As a Transitional Kindergarten (TK) teacher I find myself in a common quandary in relation to classroom Science, Technology, Engineering, and Math (STEM) activities. Administrators, parents, advocates, and policy makers expect more STEM in our 21st century classrooms and our district is participating in a special initiative, providing my classroom with iPads, Google Chromebooks and various programmable robots, STEM learning kits, and resources. Related to these and other pressures I often ask “How much STEM is recommended for 4 and 5 year olds?” and “What kind of activities, devices, applications, and special training should I incorporate into my TK assignment?” Review of a few scholarly articles provides a starting point.
The white paper The Power of Discovery: STEM2, 2013-14 Report by Vandell and others at the University of Irvine is a technical summary of data for a STEM-based afterschool program. This program analyzed the different levels and types of staff beliefs, staff development programs, resources, and student activities in order to gain an understanding of what is effective practice, leading to student success in school, especially in STEM-related subjects. While it was limited in its focus to an initiative called, The Power of Discovery, part of the California After School Network, it has valuable data that informs practice of teachers of early childhood and school-age children. The fact that large funding programs have been provided and that there are quality research programs done in itself demonstrates the emphasis being put on STEM.
One of the key findings suggests that quality STEM instruction can lead to future gains in student motivation and beliefs. For this to take place is critical that STEM “be planned in a careful manner in an effort to appropriately challenge each student.” (Lowe Vandell, et al. 28) Various, effective, learning strategies to support differentiation and the appropriate individual levels of instruction for each student are recommended. When the learning activities are engaging and cognitively stimulating they can “foster the development of students’ interest” in STEM. (ibid, v). In one example scenario provided in the report a program leader was leading children in a digital recording project but the instruction was not well planned and was outside the students’ zone of proximal development. It showed the need for more carefully planned and resources more rightly aligned to the students.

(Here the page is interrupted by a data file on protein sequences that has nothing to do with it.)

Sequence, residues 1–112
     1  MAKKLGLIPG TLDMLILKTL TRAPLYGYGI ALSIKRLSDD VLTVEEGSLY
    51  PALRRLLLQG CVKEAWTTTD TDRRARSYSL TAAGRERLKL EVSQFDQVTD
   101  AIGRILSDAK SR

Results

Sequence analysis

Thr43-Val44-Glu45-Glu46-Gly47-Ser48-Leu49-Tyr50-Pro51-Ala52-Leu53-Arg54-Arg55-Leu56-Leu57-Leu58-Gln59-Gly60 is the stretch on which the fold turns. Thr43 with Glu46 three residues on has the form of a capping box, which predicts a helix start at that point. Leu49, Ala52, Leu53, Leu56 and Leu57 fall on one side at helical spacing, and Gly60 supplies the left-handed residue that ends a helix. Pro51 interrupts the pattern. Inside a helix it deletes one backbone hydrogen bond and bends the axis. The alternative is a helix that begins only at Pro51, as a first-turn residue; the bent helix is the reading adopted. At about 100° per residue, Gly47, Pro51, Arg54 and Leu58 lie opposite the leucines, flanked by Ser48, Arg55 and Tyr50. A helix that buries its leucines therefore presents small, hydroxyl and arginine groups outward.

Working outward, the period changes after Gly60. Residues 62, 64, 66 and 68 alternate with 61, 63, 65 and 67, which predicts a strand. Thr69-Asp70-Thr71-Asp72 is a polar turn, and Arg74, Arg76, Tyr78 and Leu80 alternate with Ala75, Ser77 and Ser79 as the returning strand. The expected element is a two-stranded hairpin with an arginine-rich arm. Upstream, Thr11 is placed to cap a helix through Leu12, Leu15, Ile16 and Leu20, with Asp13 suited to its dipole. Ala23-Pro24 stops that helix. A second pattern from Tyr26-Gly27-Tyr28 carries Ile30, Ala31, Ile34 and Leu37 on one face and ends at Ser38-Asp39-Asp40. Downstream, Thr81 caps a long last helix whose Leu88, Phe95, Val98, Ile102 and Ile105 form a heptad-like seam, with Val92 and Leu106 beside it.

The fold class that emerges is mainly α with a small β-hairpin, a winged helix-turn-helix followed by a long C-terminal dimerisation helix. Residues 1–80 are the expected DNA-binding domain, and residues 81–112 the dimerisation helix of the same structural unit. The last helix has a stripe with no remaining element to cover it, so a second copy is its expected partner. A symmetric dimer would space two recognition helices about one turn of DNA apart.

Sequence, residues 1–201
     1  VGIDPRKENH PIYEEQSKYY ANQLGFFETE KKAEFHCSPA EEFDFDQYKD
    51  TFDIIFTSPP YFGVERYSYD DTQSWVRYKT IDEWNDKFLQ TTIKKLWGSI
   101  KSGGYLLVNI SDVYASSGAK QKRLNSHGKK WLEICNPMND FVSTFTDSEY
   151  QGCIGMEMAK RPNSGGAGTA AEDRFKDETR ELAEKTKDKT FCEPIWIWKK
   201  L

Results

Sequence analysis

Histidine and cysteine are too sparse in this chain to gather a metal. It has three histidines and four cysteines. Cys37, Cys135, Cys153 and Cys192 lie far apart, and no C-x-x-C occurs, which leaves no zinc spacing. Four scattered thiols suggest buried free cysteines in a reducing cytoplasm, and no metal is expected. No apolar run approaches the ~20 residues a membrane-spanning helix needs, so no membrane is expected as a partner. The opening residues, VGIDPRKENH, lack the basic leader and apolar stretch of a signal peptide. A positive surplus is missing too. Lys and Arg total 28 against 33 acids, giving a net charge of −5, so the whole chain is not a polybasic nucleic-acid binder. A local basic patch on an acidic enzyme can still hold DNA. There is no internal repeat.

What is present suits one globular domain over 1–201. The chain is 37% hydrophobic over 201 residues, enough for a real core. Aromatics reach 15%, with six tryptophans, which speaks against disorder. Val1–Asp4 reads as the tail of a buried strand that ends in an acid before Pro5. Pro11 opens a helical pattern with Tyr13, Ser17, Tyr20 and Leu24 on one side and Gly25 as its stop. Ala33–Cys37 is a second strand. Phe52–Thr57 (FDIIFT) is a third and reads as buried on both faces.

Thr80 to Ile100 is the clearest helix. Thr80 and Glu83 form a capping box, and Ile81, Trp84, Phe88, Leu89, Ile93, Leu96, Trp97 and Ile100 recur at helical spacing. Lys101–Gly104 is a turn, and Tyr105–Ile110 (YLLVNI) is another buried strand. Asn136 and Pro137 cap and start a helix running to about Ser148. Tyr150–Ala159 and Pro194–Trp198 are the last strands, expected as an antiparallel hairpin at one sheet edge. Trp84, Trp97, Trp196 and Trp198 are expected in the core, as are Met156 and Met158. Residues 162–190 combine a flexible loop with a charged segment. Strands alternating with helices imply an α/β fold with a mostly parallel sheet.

A very important factor is successful STEM programs is training and support for the staff. When teachers had more competence and believed more strongly in STEM, for example, the result was “higher levels of activity challenge and student engagement.” (ibid 28) This is what you would expect to the be case. As teachers had more agility and ability to guide the STEM activities, the students were more engaged and stimulated to go deeper into the concepts.
A third summary that I noticed is that parent involvement is very important. The staff learned to communicate better with the students’ teachers and parents, including events and information about their activities. This resulted in students learning STEM concepts better, according to survey data. “These findings suggest that helping staff build bridges of communication amongst themselves as well as with teachers and parents can foster adaptive gains in student outcomes directly.” (ibid 29)
Early STEM Learning and the Roles of Technologies by Pasnick and Hupert was right on the mark in helping me focus in on what is needed in Transitional Kindergarten STEM programs. Focusing on children aged birth to eight, they are summarizing research with the goal of decreasing inequities that lead to gaps in STEM achievement. They asked the key question: “How will early learning educators be prepared to teach STEM topics in developmentally appropriate ways?” (Pasnick and Hupert 3) They also make conclusions I agree with: “Technology tools, even the best-designed ones, can never replace human interaction or good teaching.” (ibid 4)